When moving into a new house, the first reno project for many people might be the kitchen or the bathroom, something in the main living space. But not for us. Nope, we’re going underground and doing the basement.
We knew from the first time we saw the basement that we were going to rip out the bathroom entirely right away. Very quickly on the first weekend we realized we were also going to rip out the carpet. Then, when Matt started taking down the paneling in the long room, we realized we needed to upgrade the insulation in all of the exterior walls.
This is when scope creep began to happen. Scope creep happens when you say to each other, “Since we’re doing A and B, we might as well do C, D, E, F and G.”
So, here is the to-do list for the basement reno:
- Redo the bathroom (this is a big project that will get its own post)
- Replace all the carpet
- Remove the wood stove
- Relocate the built-in cabinetry
- Brick up one window
- Redo all the insulation and drywall on the exterior walls
- Remove barn board paneling
- Relocate office doorway
- Deal with electrical (remove baseboard heaters, fix lighting issues)
So yeah, this isn’t just a slap some paint on the walls project. Oh well, we just came from a basement reno at our last house. We can do it all over again. It’ll just take a little more time and energy than we’d initially planned on.
Hopefully the scope of this project doesn’t creep any further!
We’ve already made pretty good progress. Most of the exterior walls are opened up, the wood stove is out, the new office doorway has been cut and the cabinetry is down.
Our weekend involved things like discovering peg board, floor to ceiling, wall to wall installed behind the drywall on every single wall of Matt’s new office. Just FYI, peg board is not easy to remove. Drywall, you can usually pop that right off. Peg board, not so much. I now officially hate peg board and will never ever be using it anywhere.
We also discovered that our wood stove is even heavier than our piano. Matt and I were able to get it off of its tile platform together, but we couldn’t move it very far just the two of us, so we decided to save it until my Dad was there to help us (you’re welcome, Dad!). Turns out, the three of us couldn’t move it very far either.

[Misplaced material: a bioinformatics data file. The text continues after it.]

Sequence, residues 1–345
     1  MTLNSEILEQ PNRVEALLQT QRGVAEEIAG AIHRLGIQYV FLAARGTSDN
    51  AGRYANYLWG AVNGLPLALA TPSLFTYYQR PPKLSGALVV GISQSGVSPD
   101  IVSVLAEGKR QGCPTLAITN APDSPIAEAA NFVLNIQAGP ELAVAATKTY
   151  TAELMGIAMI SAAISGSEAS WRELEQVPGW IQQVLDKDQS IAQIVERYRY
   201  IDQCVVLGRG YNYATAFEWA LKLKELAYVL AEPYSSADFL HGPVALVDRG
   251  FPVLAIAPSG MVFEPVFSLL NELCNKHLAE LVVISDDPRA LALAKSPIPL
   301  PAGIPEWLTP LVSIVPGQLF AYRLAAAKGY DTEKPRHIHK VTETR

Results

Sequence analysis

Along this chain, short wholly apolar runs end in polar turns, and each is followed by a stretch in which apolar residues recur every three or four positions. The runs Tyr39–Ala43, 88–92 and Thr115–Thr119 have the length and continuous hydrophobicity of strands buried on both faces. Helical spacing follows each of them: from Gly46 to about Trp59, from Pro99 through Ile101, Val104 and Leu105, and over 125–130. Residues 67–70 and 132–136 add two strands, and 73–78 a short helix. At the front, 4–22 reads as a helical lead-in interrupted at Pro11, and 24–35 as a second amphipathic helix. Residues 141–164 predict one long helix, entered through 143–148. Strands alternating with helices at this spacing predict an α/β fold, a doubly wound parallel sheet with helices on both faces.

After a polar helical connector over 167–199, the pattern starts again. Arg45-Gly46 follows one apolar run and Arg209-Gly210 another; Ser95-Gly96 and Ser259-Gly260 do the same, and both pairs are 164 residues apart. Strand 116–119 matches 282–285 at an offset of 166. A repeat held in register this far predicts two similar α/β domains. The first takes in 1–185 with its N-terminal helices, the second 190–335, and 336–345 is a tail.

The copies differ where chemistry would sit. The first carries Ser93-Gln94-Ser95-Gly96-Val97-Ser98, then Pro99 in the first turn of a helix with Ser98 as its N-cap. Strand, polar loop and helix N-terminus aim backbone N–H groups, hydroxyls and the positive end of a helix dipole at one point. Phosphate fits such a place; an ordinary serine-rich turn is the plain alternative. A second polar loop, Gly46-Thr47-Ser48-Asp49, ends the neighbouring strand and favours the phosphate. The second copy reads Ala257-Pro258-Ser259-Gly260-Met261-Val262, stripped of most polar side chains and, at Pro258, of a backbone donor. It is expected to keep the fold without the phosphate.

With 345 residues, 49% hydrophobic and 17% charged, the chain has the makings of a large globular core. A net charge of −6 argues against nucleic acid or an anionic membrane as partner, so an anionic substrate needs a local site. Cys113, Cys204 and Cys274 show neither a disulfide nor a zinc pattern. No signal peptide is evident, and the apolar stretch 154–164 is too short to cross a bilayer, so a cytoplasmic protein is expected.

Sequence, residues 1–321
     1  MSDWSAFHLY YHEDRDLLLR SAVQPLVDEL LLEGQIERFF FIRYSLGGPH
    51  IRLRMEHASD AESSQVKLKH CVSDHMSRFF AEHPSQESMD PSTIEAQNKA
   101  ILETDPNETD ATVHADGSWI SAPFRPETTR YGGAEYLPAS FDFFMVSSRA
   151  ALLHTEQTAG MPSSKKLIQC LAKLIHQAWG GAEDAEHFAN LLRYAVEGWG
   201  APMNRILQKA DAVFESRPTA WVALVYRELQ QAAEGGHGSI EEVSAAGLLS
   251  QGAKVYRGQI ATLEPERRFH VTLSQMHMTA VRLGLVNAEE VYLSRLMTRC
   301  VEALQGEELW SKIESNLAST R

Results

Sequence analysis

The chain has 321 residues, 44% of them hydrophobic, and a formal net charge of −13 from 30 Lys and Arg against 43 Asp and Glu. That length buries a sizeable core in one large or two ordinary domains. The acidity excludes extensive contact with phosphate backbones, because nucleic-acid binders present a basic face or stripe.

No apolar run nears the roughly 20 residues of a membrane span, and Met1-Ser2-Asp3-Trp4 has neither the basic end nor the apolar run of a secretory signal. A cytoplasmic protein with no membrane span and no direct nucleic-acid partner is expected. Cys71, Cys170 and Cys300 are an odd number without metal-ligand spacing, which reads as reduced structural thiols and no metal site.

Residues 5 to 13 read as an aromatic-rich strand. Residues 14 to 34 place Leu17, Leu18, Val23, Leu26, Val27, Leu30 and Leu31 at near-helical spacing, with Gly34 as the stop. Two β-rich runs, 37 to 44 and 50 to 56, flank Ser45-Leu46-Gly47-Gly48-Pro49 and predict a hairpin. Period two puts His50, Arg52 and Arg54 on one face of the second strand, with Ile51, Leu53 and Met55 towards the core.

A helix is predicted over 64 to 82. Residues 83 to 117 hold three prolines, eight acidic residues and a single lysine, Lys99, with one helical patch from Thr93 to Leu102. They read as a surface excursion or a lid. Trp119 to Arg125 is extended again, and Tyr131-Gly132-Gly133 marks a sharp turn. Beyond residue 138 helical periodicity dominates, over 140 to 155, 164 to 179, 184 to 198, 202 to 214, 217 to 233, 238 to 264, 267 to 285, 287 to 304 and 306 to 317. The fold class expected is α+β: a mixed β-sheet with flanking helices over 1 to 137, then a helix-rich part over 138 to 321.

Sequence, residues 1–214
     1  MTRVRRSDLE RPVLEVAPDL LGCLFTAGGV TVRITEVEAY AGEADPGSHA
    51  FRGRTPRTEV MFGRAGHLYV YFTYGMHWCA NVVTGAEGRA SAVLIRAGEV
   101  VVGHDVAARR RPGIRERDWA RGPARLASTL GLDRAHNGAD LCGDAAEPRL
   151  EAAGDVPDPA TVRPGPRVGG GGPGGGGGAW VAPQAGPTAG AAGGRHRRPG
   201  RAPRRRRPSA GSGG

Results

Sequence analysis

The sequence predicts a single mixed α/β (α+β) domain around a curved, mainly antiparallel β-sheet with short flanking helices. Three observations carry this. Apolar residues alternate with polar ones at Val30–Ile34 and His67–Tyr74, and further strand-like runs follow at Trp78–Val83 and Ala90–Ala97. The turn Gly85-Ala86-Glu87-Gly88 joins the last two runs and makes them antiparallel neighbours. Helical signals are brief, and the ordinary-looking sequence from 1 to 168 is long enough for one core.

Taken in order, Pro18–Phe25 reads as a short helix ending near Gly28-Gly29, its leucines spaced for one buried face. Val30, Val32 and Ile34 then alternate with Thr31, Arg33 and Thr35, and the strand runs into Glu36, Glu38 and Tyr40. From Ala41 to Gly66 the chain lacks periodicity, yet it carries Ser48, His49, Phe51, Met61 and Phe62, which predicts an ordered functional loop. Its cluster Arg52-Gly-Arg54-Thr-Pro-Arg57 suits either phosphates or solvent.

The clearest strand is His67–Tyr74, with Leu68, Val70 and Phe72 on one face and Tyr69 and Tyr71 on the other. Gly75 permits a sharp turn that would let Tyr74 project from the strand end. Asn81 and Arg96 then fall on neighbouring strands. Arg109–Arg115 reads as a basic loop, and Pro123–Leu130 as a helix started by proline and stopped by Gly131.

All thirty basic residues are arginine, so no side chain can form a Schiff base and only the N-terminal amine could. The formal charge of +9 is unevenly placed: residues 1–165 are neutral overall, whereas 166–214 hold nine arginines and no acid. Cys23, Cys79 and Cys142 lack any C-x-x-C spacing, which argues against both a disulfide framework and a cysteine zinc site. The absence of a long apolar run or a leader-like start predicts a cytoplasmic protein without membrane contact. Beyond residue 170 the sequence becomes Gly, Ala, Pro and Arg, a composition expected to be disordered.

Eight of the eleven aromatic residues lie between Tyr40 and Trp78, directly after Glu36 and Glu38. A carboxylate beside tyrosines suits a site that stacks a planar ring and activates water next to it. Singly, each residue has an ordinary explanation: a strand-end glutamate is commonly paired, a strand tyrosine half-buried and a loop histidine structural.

We managed to heave it onto a dolly, which allowed us to wheel it to the bottom of the basement stairs. Then we set up planks on the stairs and tried to wheel the dolly up our makeshift ramp. We made it about 6 inches.
Plan B involved a very long, very heavy rope that we discovered coiled up outside the drive shed. The rope went around the dolly and the wood stove about 6 times. Some creative knots were tied. Then the rope went up the stairs, out the front door and was tied to the trailer hitch on my Dad’s truck (can you guess where this is going?).
I have no photos of any of this, because, as I’m sure you can understand, our hands were a little full.
With me driving, Matt directing me from the top of the stairs and Dad guiding the dolly from the bottom, the extrication began. Eventually, even the truck gave up as the back wheels started spinning while the wood stove was still about 3 feet from the top of the stairs. The rope was creaking, the planks were sliding and we were still so close–yet so far!–from victory.
But by that point, we were not going to surrender to our iron adversary, so with Matt and me pulling and my Dad pushing we managed to heave the wood stove up the final few feet. Dad’s comment was that he had no choice but to get it up since he was on the bottom and the wood stove was going to go through him if gravity prevailed. When it was finally on level ground, the three of us just slumped against the floor, the wall, the stairs, wherever we were, chests heaving, hands still gripping the stove, a little bit stunned that we actually managed to get this beast out of the basement.
So, I now have a wood stove for sale. You want it, you come and get it. I will not be helping you load it.